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Parliamentary Desk Thumper
Alex Wyse, Wyse, sculpture,irony, nationalism, humour, satire, mixed media construction, political satire, 3D art, three-dimensional art, sculpture, Canadian flags, glove, machine, glass, wood, metal hardware, fabric, crayon, ink
description

“I love materials; be it wood, be it nails, be it copper, be it glass, be it paint, be it crayon, be it paper--[it’s] just the... mere process of working with my hands.”
        --Alex Wyse, http://www.cbc.ca/artspots/html/artists/awyse/

In keeping with his artistic strategy of adopting the terms and styles of a part of Canadian culture in order to question it, Alex Wyse brings us his Parliamentary Desk Thumper. With its Canadian flags and bilingualism, Wyse’s piece draws viewers into a context of Canadian nationalism and politics, a  contextThe varied circumstances in which a work of art is (or was) produced and interpreted. There are three arenas to these circumstances, each of them highly complex. The first pertains to the artist: attitudes, beliefs, interests, values, intentions and purposes, education and training, and biography (including psychology). The second is the setting in which the work was produced: the apparent function of the work (to adorn, beautify, express, illustrate, mediate, persuade, record, redefine reality, or redefine art), religious and philosophical convictions, sociopolitical and economic structures, and even climate and geography. Third is the field of the work's reception and interpretation: the traditions it is intended to serve, the mind-set it adheres to (ritualistic, perceptual, rational, and emotive), and, perhaps most importantly, the colour of the lenses through which the work is being scrutinized — i.e., the interpretive mode (artistic biography, psychological approaches, political criticism, feminism, cultural history, intellectual history, formalism, structuralism, semiotics, hermeneutics, post-structuralism and deconstruction, reception theory, concepts of periodicity [stylistic pendulum swinging], and other chronological and contextual considerations. Context is much more than the matter of the artist's circumstances alone. (Artlex.com)  he eviscerates with a clever use of irony.

Shortly after his arrival in Ottawa, Alex had become fascinated with the absurdity of politics and the bureaucratic intrigues. He knew that he had arrived in the midst of the milieu which was to have a profound effect on his work. One aspect of the creative process involves giving substance to visions and in the PARLIAMENTARY DESK THUMPER Wyse manufactured a new state of reality from his imagination. This ingenious device is intended to capture the hot air expended by a Member of Parliament and, through an elaborate  seriesA number of things or events standing or succeeding in order, and connected by a like relation; sequence; order; course; a succession of things; as, a continuous series of calamitous events. (The Online Plain Text English Dictionary)  of events, convert the energy to power a steam-driven machine that causes an artificial arm to thump a desk in the form of Parliamentary applause." (Excerpted from ALEX WYSE, PRESENCE FROM THE PAST by Christopher Youngs)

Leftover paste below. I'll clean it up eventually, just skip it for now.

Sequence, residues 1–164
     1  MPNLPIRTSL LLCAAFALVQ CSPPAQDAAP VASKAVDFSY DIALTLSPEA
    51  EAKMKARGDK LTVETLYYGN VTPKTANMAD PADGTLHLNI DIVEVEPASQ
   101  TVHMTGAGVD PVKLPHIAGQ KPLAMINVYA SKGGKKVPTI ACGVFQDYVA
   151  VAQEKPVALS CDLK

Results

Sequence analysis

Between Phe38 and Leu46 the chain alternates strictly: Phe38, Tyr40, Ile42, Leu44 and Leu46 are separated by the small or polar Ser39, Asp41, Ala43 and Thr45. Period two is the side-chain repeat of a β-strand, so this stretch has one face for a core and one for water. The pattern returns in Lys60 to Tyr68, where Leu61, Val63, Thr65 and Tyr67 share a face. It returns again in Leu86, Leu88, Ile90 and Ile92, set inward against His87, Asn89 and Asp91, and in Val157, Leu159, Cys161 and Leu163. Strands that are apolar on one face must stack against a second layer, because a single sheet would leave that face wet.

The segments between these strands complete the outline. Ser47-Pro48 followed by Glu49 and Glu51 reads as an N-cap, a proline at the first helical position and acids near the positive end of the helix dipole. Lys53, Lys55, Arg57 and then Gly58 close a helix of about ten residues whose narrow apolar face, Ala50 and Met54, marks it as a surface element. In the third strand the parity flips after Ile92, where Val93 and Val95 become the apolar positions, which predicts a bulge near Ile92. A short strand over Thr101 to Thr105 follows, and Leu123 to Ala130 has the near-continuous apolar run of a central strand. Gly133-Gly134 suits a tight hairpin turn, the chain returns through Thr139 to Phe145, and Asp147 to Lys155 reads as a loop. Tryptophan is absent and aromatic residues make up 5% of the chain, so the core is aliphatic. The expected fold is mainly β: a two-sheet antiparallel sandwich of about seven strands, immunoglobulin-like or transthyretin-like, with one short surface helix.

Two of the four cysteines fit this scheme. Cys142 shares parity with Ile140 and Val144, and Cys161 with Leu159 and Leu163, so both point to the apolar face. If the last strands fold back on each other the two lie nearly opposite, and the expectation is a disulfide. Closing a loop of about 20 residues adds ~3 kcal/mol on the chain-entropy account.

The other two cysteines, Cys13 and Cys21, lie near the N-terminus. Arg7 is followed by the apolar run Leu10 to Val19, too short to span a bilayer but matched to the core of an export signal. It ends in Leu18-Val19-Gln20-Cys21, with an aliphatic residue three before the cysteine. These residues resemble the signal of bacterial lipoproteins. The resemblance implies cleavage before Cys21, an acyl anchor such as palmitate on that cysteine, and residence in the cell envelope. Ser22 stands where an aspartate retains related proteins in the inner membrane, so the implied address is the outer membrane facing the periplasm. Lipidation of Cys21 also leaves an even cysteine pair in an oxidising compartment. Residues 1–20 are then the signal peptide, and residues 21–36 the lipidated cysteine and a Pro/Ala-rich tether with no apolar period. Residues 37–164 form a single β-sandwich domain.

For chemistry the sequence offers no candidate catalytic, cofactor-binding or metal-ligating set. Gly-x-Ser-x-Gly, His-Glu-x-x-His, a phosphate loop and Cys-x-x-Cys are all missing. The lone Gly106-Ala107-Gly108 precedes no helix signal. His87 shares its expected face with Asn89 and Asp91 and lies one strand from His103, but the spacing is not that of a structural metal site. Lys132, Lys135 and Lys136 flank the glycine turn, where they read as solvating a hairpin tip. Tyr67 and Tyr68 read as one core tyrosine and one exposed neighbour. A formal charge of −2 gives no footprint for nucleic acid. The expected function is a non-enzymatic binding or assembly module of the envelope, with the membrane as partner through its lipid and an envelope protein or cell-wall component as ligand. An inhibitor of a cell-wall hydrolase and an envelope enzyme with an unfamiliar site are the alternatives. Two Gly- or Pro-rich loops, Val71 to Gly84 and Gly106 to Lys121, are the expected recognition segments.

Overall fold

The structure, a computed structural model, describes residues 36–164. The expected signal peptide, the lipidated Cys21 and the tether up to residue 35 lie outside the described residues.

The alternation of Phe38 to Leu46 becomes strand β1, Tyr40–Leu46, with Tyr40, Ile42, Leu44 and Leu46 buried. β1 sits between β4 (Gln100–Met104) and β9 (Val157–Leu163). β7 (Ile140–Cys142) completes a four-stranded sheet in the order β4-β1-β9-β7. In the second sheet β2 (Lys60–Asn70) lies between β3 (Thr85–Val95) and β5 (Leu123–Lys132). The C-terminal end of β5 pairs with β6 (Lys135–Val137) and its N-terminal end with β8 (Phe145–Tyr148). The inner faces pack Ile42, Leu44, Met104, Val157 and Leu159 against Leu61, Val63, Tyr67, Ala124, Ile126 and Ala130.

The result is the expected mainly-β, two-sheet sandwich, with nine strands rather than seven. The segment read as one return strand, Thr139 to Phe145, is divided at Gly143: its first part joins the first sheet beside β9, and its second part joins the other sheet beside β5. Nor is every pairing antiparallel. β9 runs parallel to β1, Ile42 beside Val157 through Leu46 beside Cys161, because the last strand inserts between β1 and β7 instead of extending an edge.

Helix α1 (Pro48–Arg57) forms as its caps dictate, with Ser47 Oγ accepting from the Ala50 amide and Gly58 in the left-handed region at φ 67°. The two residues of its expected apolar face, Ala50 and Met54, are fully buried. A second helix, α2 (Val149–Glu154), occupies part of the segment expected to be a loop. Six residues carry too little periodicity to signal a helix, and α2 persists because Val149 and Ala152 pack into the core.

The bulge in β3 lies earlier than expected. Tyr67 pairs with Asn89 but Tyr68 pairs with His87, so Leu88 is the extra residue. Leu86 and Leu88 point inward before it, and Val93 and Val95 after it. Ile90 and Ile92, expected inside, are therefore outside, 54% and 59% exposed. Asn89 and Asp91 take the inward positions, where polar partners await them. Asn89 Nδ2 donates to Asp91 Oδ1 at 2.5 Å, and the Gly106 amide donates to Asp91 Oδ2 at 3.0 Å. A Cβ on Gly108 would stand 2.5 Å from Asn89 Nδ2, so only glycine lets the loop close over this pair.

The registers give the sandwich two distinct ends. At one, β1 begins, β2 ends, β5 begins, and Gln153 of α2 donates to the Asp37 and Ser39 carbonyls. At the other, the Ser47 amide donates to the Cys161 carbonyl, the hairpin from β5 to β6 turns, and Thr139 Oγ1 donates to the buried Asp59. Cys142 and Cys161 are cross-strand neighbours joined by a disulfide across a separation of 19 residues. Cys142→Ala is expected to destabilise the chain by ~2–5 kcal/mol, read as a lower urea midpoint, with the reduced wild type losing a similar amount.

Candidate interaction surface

The work resembles a cartoonish machine presumably for the production of something. Exactly what is to be produced here is uncertain, but as a  metaphorUsed in art as in speech. A term, regularly used for one object, is used for another and suggests a likeness between to the two.  - a complex contraption with no clear goal - it is a powerful  satireIrony, sarcasm, or derisive wit used to attack or expose vice, folly, or stupidity. Caricatures are commonly satirical whenever they are critical. (Artlex.com)  of political life. Phrases like “M.P. FOR HE THAT SPEAKS NOT IS HEARD NOT” refer to powerlessness in a political system, while through the “HOT AIR COLLECTOR” on the left side of the machine and the “SMOKE SCREEN” generator inside, Wyse has turned political clichés into physical, sculptural objects.

Like many of Alex Wyse’s sculptural works, Parliamentary Desk Thumper has moving parts; viewers can manipulate the work by means of the glass doors in front, providing “access” to the scene contained within. However, given the context of the work (in a gallery- and museum-based exhibition where touching work is often not allowed) Wyse’s piece is not accessible in the physical sense of gallery visitors being able to move things around or touch the objects inside of it.

This limited form of interaction with Wyse’s work therefore also evokes the limited form of interaction in the political process; while the process is dependent upon the viewer or the citizen, the viewer has no influence over how that process functions, as his or her role is reduced to that of a mere observer. Close it away and seal it off, or open it up and do nothing with it, and either way it remains unaffected by you; these are the only options in Wyse’s work and, as his  satiricalThe use of humour as a way to ridicule the ignorance or vice of another person or group.  suggestion goes, in Canadian politics.